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Pope,G - The House That Love is Building

Pope,G - The House That Love is Building

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Published by: ObltSB on Jan 16, 2010
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Crescent Hill Baptist ChurchLouisville, Kentucky
Pentecost 23October 26, 2008W. Gregory Pope
SERIES: The New Monasticism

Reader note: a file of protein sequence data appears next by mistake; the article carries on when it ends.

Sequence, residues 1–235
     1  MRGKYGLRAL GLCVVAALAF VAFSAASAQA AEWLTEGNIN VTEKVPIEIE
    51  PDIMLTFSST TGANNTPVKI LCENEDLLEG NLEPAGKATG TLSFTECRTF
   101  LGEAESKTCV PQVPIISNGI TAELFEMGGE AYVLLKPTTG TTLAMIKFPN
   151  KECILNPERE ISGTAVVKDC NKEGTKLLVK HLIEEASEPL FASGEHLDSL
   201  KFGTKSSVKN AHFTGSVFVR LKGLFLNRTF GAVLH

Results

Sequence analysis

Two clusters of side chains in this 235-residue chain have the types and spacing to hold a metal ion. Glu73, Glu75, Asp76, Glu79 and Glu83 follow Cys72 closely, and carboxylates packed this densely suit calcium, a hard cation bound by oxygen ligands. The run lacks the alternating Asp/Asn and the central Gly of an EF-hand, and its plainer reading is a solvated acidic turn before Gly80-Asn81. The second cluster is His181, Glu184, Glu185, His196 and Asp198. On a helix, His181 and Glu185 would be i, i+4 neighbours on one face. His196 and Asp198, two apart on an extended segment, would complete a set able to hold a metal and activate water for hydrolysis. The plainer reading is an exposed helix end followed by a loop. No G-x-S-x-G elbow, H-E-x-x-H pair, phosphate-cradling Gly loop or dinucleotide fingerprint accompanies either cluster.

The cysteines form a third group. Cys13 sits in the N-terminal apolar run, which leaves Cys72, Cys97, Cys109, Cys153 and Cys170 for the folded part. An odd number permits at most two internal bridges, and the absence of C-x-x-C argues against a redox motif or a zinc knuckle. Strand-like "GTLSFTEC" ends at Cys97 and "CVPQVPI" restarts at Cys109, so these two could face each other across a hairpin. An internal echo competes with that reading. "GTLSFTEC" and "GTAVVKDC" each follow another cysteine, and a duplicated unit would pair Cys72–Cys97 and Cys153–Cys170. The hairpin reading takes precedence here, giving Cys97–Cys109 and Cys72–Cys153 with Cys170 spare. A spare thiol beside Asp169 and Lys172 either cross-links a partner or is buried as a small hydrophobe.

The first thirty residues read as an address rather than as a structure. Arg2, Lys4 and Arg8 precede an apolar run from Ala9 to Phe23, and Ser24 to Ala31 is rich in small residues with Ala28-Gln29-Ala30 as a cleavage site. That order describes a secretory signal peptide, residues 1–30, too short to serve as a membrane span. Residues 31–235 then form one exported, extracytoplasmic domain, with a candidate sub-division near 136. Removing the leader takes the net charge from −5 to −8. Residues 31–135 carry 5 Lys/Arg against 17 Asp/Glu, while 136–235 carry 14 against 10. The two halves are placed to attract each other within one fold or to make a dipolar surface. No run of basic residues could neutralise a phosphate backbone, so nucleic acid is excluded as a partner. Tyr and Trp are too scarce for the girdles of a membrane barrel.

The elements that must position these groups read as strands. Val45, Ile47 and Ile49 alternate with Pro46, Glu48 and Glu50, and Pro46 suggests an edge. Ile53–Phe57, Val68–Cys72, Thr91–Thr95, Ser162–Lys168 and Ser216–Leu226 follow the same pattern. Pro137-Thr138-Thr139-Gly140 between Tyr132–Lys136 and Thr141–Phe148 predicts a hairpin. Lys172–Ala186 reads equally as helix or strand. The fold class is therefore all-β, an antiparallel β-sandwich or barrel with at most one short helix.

Deuteronomy 34:1-12; Psalm 90:1-6, 13-17; 1 Thessalonians 2:1-8; Matthew 22:34-46In a recently published parable of the church, [1] the chairperson of a church council received a letterwhich read:Dear Tim,I have been observing you and your season of leadership at [the church] for many years and thought itimportant to write to you at this time. I’ve watched your hard work in guiding [the church] out of a periodof turmoil and challenge. You have endured a great deal and persevered with energy in creating a level of excitement and activity within the church. For all this I commend you and the other leaders who haveworked with you.I’m writing you to bring something important to your attention. You have lost your first love. You and [thechurch] have drifted away from the love of God and one another as your first priority . . . If this serioussituation is not turned around, it will destroy the church’s credibility.Fear not, Tim. All is not lost. I am writing to encourage you to lead a change that, under the guidance of the Holy Spirit, can be accomplished. If you accept the challenge to restore love into the life of the churchby reviving . . . passion and humility . . . you and [the church] will receive blessings beyond yourimagination. The way back must start with you.This letter is sent in love as always, with faith that what is required can be done.(Signed) Your Truest FriendImmediately, Tim thought it sounded just like the letter Jesus had written to the church at Ephesus in theBook of Revelation telling them that they too had lost their first love. But he also didn’t think too highlyof anonymous letters, and so he tossed it in the wastebasket.The letter was followed by a phone call by a fairly new member of the congregation, informing Tim thatshe had decided to look for another church. When he asked why she said it was several things really. Shewas known in the community for possessing incredible gifts that seem to be ignored at the church. She feltas if she had fallen through the cracks and did not sense the warm inclusion she did with the initialwelcome to the congregation. She said, “I really want my church to feel like a place where I’m welcomeand where people are genuinely glad to see me.” She said, “The bottom line is that this church isn’texactly the most loving place in town. It doesn’t make me feel closer to God. Sometimes I go away feelingfarther away from God than I did before I arrived.”Tim apologized on behalf of the church and promised he would look very carefully into what she had saidand would do everything he could to create a church where she would feel more welcome. He invited herto give them another chance. She said she would think about it and thanked him for how kind he had beento her.